1269. You Know Nothing JT Snow (YR) Posted: January 12, 2017 at 09:40 AM (#5382203)
I'm assuming it's well-traveled territory and I suppose I could easily google it, but what is the story with Soros and the Nazis? I'd have figured that he'd be too young to up to much in the early 40s, or am I under-estimating his age?


Like many Jews he engages in vampirism when it is expedient.
   1270. Lassus Posted: January 12, 2017 at 09:42 AM (#5382204)
Actually I think he could only have been a member of Hitler Youth at best.

I was a Young Republican. Met Jack Kemp and everything. I eventually turned 16.
   1271. Ishmael Posted: January 12, 2017 at 09:43 AM (#5382205)
Reference the discussion of determinism from a little while ago, here’s a question for anyone who is interested.

Consider the following three entities:

A Golem – Someone who behaves in every way exactly as a human, but has no mind, and no interior life. Their brain is otherwise identical to yours, but they have no phenomenological experience, no experience of choice, interior narrative, emotion or any other experience contingent upon a mind. None of these things are discernible from without, however. A conversation with a Golem is not distinguishable from a conversation with a Human, and they give all the appearance of suffering, love, happiness, individual free will etc. Naturally, all of their actions are entirely determined by environmental and genetic factors.

A Human – Someone with the experience of an inner life exactly as you have, including the experience of free will, moral choice and rich moral experience. They have all the phenomenological experiences contingent upon a mind. A conversation with a Human is not distinguishable from a conversation with a God, and they give all the appearance of experiencing free will in the popularly held sense. However, like the Golem, all of their actions (including the nature of their experience of mental life) are entirely determined by environmental and genetic factors.

A God – Like the Human, the God has a mind with all of the phenomenological experiences, moral sensitivity etc. that that entails. A conversation with a God is not distinguishable from a conversation with a Human, or Golem. However, a God’s actions are not determined by environmental and genetic factors. They not only experience, but really do have free will in the popularly held sense.

What are the differences (other than the ones stated) between the three entities? Is it immoral, for example, to kill a Golem? More or less so than to kill a Human, or a God? Should we even consider the expressed preferences of the Golem? Is a God different from a human in any way that has moral significance?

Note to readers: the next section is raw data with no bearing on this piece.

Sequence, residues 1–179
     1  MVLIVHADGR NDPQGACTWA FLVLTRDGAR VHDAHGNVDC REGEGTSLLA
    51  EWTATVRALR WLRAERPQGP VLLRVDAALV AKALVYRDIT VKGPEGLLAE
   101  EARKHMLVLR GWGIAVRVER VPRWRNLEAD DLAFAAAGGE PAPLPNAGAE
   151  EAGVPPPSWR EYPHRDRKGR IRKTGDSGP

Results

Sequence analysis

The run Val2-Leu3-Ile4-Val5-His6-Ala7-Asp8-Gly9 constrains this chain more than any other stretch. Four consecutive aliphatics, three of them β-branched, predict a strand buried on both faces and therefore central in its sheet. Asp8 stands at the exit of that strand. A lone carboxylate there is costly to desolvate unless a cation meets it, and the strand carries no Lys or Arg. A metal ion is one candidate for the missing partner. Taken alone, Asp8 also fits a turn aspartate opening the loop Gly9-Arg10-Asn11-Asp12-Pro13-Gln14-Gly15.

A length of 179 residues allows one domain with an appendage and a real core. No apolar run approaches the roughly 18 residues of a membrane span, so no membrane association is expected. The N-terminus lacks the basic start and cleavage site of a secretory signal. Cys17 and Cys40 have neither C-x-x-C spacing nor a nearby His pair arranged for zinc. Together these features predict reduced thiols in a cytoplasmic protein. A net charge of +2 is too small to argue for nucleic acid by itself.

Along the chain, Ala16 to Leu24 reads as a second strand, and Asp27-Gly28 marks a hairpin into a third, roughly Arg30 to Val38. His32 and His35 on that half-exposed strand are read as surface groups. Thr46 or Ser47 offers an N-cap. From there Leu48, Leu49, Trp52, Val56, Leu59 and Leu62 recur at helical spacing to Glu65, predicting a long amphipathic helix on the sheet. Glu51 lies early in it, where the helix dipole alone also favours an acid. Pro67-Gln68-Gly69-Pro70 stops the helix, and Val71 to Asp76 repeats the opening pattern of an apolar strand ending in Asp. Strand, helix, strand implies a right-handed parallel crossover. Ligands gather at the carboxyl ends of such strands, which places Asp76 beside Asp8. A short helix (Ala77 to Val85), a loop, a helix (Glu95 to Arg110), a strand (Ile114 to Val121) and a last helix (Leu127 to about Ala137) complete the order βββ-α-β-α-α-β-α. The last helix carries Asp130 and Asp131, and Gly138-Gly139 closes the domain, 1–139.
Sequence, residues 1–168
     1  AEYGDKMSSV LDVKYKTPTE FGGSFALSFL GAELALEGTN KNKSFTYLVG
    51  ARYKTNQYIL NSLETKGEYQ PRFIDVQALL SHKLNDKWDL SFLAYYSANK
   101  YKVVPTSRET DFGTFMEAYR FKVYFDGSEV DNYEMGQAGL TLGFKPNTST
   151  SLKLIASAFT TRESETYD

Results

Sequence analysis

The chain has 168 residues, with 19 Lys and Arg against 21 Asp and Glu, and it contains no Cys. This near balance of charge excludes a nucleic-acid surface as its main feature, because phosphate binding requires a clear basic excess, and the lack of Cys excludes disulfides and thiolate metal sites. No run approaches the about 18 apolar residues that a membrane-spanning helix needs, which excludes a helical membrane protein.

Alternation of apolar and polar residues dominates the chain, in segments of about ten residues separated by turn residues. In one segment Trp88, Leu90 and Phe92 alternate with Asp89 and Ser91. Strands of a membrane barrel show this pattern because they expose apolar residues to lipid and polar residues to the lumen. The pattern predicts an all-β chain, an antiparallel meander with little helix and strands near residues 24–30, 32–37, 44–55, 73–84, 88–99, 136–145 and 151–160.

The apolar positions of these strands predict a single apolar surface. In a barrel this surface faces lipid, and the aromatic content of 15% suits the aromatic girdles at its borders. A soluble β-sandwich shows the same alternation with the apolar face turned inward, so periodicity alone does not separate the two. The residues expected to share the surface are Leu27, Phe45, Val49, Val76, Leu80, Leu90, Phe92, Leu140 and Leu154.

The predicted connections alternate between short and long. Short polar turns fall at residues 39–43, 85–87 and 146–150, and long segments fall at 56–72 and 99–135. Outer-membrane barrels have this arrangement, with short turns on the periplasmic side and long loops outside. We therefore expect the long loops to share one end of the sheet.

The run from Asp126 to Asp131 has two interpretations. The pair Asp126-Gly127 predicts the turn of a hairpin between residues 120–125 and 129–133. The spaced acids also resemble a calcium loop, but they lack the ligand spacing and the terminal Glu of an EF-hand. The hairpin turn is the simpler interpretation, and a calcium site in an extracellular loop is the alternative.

Do we live in a world of Golems, Humans, Gods, or all three? What are the differences between the Golem, Human, and God universes?
   1272. Mellow Mouse, Benevolent Space Tyrant Posted: January 12, 2017 at 09:44 AM (#5382206)
I said the strategy was questionable. I said BM was doing a bad job with it.


Since you are not on board and yet rational I would like to hear which part is questionable. Do you think strategic voting for more electable candidates is the problem or the thought that perhaps women (everything else held equal) are less electable nationally?
   1273. Renegade (((JE))) Posted: January 12, 2017 at 09:44 AM (#5382207)
I'm assuming it's well-traveled territory and I suppose I could easily google it, but what is the story with Soros and the Nazis? I'd have figured that he'd be too young to up to much in the early 40s, or am I under-estimating his age?
Here's Soros in his own words. FF to 6:44.

KROFT: "No feeling of guilt?"
SOROS: "No."
   1274. Renegade (((JE))) Posted: January 12, 2017 at 09:46 AM (#5382208)
Your schtick is getting old.
True today. True in 2010.
   1275. Juilin Sandar to Conkling Speedwell (Arjun) Posted: January 12, 2017 at 09:47 AM (#5382209)
You're wrong, BM.

Now this post is addressed to you - it comes from our shared ideology, beliefs, and value systems. It isn't for someone like the not-actually-kinder Ray or TGF or someone like that who will likely cherry-pick a portion of this and quote it for the rest of eternity. Please don't do that. I'm not speaking to you. I'm not speaking towards you. I'm not speaking with you (right now, anyway). This isn't part of a conversation that involves you and, consequently, I'm trying to speak the language of the left-wing of American politics, not the language I normally speak.

This is to you, BM. We've disagreed on a few things in the past, but we have a based of shared beliefs and so, calling upon those beliefs, I'm going to say this simply: irrespective of the truth of your argument, your argument is morally wrong. Just wrong. It's the same argument that passive racists and sexists use to justify never pushing the envelope, the same argument that corporations present as a means of not promoting women to senior positions, that organizations use as a means of not putting forward minorities to lead. It's the flip of "no one will see an Asian as a good leader" or "women aren't seen as tough enough by everyone else."